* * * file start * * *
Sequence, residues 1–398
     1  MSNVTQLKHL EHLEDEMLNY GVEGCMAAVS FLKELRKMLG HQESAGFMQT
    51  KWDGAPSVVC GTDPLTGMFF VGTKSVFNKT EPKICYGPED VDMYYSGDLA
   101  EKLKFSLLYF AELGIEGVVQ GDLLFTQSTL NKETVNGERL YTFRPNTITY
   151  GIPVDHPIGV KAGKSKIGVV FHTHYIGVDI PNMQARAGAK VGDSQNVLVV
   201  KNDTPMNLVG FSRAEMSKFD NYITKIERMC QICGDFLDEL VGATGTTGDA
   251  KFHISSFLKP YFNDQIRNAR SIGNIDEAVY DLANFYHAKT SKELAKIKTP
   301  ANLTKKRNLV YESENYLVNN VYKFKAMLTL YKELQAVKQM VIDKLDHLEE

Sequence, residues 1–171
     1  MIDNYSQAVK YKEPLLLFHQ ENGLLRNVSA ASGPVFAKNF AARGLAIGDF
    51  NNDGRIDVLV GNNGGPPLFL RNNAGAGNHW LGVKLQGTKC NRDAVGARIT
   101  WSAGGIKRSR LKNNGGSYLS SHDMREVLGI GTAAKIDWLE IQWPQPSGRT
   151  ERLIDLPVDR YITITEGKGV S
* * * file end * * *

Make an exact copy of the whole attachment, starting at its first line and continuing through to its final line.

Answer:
Sequence, residues 1–398
     1  MSNVTQLKHL EHLEDEMLNY GVEGCMAAVS FLKELRKMLG HQESAGFMQT
    51  KWDGAPSVVC GTDPLTGMFF VGTKSVFNKT EPKICYGPED VDMYYSGDLA
   101  EKLKFSLLYF AELGIEGVVQ GDLLFTQSTL NKETVNGERL YTFRPNTITY
   151  GIPVDHPIGV KAGKSKIGVV FHTHYIGVDI PNMQARAGAK VGDSQNVLVV
   201  KNDTPMNLVG FSRAEMSKFD NYITKIERMC QICGDFLDEL VGATGTTGDA
   251  KFHISSFLKP YFNDQIRNAR SIGNIDEAVY DLANFYHAKT SKELAKIKTP
   301  ANLTKKRNLV YESENYLVNN VYKFKAMLTL YKELQAVKQM VIDKLDHLEE

Sequence, residues 1–171
     1  MIDNYSQAVK YKEPLLLFHQ ENGLLRNVSA ASGPVFAKNF AARGLAIGDF
    51  NNDGRIDVLV GNNGGPPLFL RNNAGAGNHW LGVKLQGTKC NRDAVGARIT
   101  WSAGGIKRSR LKNNGGSYLS SHDMREVLGI GTAAKIDWLE IQWPQPSGRT
   151  ERLIDLPVDR YITITEGKGV S